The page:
Constipation in children is quite common these days for a variety of reasons. Children who experience constipation even just one time can be fearful of pooping and choose to withhold their poop. This causes them to be more at risk for constipation, which can lead to additional complications like chronic constipation. Chronic constipation may then lead to other complications, or it could signal an underlying condition.
So, what’s a parent to do? We asked Pediatric Pelvic Floor OT, Quiara Smith, the expert that leads our Potty Training classes how to tell if your child is constipated, what to do if they are, and when it’s time to call their healthcare provider. Check out her answers below:
Q: How can parent tell if their child is truly constipated?
A: Parents often wonder if their child is “really” constipated or if it’s a “normal” part of childhood. My answer is we have to look at science and medicine to help us figure out if our child really has constipation that needs attention. To do that, we first need to look at what the signs of constipation are.
According to the Mayo Clinic signs of constipation in children may include:
- Less than three bowel movements a week
- Bowel movements that are hard, dry, and difficult to pass
- Pain while having a bowel movement
- Stomach pain
- Traces of liquid or pasty stool in your child’s underwear — a sign that stool is backed up in the rectum
- Blood on the surface of hard stool
Q: When should parents seek medical care for their child when it comes to constipation?
A: If your child is experiencing constipation, observed by the signs mentioned above, that lasts longer than two weeks or is accompanied by any of the below, they need to be seen by their medical provider right away:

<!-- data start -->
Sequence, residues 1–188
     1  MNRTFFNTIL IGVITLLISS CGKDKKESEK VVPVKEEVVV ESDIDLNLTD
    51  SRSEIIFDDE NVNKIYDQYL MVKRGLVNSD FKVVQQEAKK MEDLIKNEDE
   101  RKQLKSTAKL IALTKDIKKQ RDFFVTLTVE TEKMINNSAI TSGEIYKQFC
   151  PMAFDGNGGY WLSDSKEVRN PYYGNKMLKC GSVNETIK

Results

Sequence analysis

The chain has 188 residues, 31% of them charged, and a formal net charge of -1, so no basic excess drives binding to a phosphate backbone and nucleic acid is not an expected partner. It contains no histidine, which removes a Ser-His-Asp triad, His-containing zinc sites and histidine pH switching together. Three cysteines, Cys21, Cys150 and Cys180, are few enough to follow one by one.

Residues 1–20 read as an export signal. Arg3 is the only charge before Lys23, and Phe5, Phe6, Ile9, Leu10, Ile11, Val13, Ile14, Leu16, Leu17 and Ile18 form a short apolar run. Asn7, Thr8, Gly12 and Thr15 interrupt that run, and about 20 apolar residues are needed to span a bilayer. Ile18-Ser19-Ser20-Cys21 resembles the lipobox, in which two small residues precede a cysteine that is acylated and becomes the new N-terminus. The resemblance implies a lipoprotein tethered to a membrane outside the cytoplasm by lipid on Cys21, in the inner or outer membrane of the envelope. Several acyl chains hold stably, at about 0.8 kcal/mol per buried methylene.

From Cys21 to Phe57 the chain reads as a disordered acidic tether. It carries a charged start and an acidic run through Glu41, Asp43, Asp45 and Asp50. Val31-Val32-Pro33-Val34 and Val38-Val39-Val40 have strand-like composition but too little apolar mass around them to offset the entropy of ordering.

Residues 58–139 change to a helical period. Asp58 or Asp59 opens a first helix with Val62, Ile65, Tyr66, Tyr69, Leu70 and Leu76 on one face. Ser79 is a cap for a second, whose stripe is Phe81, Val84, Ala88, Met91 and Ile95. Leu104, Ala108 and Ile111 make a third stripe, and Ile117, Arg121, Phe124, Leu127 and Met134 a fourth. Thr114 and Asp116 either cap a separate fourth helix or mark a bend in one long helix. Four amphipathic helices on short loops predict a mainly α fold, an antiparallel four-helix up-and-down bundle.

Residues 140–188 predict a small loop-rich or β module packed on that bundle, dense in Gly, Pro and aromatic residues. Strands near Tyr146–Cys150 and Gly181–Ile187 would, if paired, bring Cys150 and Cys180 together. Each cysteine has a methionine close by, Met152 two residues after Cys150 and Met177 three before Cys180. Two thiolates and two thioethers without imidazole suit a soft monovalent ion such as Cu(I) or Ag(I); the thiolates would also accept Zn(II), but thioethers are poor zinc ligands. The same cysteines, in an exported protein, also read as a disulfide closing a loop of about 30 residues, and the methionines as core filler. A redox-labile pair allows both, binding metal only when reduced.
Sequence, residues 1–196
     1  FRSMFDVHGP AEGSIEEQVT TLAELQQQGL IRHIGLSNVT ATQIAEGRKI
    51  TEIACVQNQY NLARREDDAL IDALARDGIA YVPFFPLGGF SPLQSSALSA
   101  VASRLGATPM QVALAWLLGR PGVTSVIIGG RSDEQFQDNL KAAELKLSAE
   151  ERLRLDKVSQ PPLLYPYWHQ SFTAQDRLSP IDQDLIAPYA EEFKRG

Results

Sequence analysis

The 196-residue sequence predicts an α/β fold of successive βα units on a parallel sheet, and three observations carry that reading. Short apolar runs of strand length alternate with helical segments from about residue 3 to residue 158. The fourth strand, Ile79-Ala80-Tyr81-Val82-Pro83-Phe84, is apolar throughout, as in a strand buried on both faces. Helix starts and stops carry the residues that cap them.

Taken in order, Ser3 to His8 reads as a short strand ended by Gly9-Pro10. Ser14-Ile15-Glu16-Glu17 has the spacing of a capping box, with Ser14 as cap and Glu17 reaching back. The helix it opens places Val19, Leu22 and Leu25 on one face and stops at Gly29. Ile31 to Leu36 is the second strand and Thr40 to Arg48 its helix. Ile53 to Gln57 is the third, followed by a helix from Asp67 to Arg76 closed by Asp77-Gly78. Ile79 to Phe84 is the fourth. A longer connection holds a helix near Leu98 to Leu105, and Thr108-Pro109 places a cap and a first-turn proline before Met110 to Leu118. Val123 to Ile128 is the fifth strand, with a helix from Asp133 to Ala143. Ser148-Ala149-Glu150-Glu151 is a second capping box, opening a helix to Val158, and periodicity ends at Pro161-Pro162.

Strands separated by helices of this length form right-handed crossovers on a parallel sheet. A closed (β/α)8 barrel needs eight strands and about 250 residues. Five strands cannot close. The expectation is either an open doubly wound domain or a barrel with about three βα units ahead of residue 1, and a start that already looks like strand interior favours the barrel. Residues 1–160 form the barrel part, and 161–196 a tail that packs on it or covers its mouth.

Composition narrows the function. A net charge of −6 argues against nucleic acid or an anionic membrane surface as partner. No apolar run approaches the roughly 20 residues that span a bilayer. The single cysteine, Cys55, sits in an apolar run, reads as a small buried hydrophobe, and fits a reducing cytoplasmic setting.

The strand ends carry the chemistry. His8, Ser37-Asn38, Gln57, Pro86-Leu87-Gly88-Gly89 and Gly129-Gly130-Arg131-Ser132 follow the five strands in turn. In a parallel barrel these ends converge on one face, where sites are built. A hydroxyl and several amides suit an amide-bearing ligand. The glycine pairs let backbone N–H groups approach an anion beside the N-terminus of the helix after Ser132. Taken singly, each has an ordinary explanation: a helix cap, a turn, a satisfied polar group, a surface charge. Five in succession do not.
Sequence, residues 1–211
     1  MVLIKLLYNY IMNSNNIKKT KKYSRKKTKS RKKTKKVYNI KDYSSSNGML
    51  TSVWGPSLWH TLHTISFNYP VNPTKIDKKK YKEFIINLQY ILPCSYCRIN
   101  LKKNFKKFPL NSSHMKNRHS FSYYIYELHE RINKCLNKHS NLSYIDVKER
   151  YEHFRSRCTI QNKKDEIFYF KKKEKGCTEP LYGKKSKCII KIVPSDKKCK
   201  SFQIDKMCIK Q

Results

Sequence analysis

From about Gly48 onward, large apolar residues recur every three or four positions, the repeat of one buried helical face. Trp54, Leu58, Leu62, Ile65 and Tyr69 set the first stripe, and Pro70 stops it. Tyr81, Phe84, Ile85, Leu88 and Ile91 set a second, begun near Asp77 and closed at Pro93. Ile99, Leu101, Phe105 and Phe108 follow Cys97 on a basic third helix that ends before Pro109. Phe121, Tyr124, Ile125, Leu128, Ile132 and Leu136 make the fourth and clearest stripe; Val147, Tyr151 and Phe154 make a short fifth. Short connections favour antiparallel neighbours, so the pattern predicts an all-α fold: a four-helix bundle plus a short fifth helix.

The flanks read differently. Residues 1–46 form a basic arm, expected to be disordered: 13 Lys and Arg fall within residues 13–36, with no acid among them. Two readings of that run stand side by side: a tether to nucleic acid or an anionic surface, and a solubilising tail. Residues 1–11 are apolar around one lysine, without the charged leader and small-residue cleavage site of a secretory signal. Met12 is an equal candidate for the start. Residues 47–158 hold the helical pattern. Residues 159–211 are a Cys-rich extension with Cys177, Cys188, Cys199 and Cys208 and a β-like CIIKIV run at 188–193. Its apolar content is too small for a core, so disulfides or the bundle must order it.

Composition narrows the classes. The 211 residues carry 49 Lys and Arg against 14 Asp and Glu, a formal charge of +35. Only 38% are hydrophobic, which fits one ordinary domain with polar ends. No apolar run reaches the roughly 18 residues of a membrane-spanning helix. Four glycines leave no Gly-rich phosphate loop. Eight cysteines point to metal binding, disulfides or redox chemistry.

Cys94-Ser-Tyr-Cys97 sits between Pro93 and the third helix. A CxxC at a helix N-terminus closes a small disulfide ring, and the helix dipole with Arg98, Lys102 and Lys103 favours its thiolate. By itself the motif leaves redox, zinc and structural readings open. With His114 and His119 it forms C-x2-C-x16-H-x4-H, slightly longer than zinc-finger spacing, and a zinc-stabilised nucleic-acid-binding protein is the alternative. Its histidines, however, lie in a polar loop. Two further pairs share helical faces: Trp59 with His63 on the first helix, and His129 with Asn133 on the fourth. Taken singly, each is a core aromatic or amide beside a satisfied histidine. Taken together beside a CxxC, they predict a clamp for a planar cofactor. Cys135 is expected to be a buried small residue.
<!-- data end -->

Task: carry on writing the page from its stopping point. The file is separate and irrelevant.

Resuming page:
- Not eating
- Blood in the stool
- Abdominal swelling
- Weight loss
- Pain during bowel movements
- Part of the intestine comes out of the anus (rectal prolapse)
Q: How can parents help prevent constipation in their children?
A: Prevention is key when trying to avoid constipation in our children. There are many things that we as parents can do to prevent constipation in our children, but my top 3 tips for preventing constipation in children as a pediatric pelvic health specialist are:
- Adequate water intake. According to the Children’s Hospital of Orange County: Children should drink the number of 8-ounce cups of water equal to their age, with a minimum of 64 ounces of water for children over the age of 8. These amounts do not include other beverages they may consume in a day such as milk and juice.
- Be consistent with toileting routines/expectations. When we have clear routines around potty training and toileting tasks, it allows our children to feel safe and secure in what is expected of them when it comes to peeing and pooping across various environments like our home, school, or out in the community.
- Get them moving with physical activity. According to Stanford Children’s Health, Physical activity promotes the movement of the intestines to push food forward as it is digested. Getting your child to move around throughout the day even for a few minutes of dancing to their favorite song, playing eye spy on a neighborhood walk, or even helping to carry shopping bags from the car into the house, all count towards physical activity that can decrease their chances of getting constipated.